If you were given birth and lived in a certain country for most parts of your life, you would definitely be considered a citizen in said country right? Well, that wasn’t the case for women in Athens. The foundation of being considered an Athenian is purely based on two things: firstly, one has to be given birth by parents who were born in Athens themselves and secondly, you had to be a male (page 9). Thus, women living in Athens throughout their entire lives aren’t even considered to be citizens of the state. Women were only valued for their use of being able to reproduce and to give birth to offspring that could contribute to the state’s military or political purposes (page 9). In contrast, Spartan women were given more responsibilities and were treated more of a citizen than their Athenian counterparts.


Imagine you could not have a property under your name. The whole idea of having a roof over your head is basically dependent on either your spouse, father or brother IF you were a women. However, in this instance, Spartan women were lucky enough not to share the same fate as female Athenians. Not only could they own properties, but there are also reports that an estimated “40% of agricultural land” belonged to women (page 222). That’s a stark contrast to women in Athens who were neither allowed to own any sort of land, nor buy or sell any kind of property (page 9).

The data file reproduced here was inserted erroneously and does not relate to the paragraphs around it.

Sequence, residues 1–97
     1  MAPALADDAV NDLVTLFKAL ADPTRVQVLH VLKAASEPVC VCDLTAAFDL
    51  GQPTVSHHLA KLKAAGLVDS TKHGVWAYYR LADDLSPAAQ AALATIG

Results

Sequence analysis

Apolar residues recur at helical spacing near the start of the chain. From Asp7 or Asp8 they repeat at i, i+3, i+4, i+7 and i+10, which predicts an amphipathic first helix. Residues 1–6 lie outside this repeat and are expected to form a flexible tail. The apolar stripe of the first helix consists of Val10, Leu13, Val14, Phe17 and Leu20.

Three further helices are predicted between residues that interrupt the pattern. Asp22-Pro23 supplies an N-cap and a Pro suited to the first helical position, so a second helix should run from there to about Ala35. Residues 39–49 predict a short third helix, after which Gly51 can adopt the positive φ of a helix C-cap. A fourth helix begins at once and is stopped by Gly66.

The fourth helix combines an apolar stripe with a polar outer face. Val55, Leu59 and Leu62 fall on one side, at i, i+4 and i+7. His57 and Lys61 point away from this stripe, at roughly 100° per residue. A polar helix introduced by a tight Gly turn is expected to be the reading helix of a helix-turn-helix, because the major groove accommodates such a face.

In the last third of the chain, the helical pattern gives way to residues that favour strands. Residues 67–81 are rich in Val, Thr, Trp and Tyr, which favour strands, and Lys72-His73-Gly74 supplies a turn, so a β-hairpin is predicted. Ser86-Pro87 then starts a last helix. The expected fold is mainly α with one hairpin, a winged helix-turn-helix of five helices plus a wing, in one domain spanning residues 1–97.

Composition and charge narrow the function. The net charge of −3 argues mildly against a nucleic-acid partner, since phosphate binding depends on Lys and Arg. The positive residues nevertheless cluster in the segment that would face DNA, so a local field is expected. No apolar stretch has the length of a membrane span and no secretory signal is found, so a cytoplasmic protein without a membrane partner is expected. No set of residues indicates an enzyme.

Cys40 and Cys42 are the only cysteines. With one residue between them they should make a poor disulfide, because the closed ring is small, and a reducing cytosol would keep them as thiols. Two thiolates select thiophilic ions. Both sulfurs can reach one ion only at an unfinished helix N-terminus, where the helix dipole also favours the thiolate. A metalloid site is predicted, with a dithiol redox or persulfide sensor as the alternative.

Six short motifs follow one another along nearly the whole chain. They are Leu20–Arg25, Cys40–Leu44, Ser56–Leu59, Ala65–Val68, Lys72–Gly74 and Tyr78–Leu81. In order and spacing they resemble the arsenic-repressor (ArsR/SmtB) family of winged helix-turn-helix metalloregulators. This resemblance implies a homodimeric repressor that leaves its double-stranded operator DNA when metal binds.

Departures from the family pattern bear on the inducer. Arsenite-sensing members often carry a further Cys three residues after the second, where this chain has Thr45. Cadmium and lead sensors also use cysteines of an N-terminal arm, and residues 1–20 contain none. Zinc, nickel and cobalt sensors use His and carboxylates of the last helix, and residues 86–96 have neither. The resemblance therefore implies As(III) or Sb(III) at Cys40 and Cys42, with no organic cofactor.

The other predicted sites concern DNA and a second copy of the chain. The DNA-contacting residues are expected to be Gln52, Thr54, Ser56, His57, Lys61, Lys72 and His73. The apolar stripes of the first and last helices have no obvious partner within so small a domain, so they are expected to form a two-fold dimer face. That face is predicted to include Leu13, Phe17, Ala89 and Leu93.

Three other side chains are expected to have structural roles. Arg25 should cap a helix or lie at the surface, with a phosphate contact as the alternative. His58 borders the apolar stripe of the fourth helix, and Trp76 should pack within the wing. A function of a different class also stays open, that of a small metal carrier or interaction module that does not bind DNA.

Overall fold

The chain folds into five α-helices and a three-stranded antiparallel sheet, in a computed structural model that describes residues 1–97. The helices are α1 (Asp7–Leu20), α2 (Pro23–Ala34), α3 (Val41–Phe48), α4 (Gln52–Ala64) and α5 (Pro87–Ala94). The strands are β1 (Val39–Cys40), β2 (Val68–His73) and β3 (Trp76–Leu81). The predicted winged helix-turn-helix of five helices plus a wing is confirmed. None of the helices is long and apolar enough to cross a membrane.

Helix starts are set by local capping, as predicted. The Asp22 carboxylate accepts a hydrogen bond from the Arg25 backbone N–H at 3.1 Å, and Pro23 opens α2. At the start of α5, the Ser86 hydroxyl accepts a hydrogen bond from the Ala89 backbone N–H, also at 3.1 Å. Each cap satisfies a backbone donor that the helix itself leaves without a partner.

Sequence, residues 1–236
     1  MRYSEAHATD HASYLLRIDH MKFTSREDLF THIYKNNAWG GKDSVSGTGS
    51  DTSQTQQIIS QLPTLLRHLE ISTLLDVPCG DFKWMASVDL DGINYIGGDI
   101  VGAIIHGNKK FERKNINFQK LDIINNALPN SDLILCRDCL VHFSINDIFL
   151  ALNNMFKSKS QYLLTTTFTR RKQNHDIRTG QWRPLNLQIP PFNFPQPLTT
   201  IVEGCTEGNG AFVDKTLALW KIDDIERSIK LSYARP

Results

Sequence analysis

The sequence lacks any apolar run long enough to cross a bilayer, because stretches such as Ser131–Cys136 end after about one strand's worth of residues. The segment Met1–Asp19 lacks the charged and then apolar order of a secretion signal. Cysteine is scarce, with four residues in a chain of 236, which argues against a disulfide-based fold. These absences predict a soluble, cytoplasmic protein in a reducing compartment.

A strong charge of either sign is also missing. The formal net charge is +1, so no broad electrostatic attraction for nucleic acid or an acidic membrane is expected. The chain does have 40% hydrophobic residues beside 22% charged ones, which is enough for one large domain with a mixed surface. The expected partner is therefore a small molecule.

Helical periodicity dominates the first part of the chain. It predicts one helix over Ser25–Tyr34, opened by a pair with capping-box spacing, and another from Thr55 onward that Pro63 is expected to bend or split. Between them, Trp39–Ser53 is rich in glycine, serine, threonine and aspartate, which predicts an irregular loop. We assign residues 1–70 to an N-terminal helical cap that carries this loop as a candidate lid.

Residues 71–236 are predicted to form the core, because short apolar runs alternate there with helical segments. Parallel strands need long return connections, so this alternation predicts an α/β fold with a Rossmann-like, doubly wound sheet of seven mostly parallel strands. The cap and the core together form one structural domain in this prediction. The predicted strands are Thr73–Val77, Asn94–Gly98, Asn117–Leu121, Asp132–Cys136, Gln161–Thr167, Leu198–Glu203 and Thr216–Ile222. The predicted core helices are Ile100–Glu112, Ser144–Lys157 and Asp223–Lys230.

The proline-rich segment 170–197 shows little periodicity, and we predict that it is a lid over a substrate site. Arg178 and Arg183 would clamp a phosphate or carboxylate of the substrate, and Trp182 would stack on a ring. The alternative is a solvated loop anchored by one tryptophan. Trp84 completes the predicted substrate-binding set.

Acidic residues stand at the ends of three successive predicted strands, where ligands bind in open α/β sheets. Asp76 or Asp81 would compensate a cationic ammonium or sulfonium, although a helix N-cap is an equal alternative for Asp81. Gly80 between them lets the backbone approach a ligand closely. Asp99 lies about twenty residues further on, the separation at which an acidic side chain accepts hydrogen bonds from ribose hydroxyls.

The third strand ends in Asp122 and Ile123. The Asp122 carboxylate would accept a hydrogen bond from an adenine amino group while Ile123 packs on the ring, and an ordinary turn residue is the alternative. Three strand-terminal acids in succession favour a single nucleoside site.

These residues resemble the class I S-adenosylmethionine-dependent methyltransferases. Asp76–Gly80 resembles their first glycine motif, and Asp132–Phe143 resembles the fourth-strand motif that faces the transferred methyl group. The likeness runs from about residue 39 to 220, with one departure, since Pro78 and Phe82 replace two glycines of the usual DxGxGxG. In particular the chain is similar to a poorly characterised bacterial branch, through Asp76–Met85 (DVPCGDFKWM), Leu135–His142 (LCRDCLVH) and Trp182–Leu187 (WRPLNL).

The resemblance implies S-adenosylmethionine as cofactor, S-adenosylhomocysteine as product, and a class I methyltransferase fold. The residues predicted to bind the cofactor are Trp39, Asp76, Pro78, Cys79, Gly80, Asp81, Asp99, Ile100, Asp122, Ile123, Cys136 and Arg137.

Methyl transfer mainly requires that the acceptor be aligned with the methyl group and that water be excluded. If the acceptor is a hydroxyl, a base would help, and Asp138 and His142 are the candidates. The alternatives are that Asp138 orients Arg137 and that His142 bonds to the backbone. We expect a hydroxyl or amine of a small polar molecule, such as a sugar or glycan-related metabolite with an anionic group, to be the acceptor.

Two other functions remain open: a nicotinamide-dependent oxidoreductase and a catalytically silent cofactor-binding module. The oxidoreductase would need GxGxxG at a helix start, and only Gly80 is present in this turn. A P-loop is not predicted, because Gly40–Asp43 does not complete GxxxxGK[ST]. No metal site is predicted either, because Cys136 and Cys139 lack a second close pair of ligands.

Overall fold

Athenian women had very, very few legal rights. Firstly, there was even a law dictating the number of women allowed to attend a funeral (page 9). Astonishing isn’t it? To even limit the amount of women who wished to pay their respects to those who have passed away. Secondly, in the event that a women wanted a divorce, she has to seek out a male representative (has to be a relative) in order to initiate divorce (page 9-10). To make matters worse, not only do they have to return the dowries received upon marriage (page 10) but in the event that she has a child/children, custody would immediately be granted to the male parent (page 10). On the contrary, women in Sparta had significantly more legal rights. They do not have to suffer what we would deem as injustice in today’s society but they were also allowed more privileges. Spartan women could inherit an equal portion of their father’s properties (page 11) and this is something that is sorely denied to women in Athens. How could anyone be denied something that belonged to their family? This was the harsh reality that women in Athens faced.